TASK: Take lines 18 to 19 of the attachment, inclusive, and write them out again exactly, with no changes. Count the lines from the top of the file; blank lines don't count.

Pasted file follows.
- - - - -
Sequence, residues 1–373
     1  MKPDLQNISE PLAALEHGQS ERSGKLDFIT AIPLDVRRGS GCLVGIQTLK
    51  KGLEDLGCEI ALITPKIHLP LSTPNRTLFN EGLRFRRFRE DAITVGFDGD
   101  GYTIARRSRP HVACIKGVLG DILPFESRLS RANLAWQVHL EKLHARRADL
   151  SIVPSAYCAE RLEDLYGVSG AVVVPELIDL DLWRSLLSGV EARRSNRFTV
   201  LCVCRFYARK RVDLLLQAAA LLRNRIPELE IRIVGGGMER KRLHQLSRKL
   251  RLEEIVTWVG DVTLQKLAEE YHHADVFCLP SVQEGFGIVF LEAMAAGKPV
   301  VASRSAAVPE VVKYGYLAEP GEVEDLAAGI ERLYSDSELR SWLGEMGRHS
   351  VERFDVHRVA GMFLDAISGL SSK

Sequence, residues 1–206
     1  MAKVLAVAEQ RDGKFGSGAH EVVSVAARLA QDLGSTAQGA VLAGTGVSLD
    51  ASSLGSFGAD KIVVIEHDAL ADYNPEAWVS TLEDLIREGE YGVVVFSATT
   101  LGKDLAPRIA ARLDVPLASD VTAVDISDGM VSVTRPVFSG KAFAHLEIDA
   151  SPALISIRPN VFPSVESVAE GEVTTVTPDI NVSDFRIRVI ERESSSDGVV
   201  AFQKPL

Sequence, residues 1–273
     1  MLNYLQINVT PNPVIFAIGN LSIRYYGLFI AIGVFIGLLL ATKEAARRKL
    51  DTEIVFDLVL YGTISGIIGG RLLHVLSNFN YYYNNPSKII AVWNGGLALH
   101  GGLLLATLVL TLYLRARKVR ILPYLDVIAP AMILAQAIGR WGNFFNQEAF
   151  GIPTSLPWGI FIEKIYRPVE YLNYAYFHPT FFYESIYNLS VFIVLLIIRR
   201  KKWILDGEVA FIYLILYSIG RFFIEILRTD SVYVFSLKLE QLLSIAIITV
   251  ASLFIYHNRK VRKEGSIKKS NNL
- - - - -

    51  DTEIVFDLVL YGTISGIIGG RLLHVLSNFN YYYNNPSKII AVWNGGLALH
   101  GGLLLATLVL TLYLRARKVR ILPYLDVIAP AMILAQAIGR WGNFFNQEAF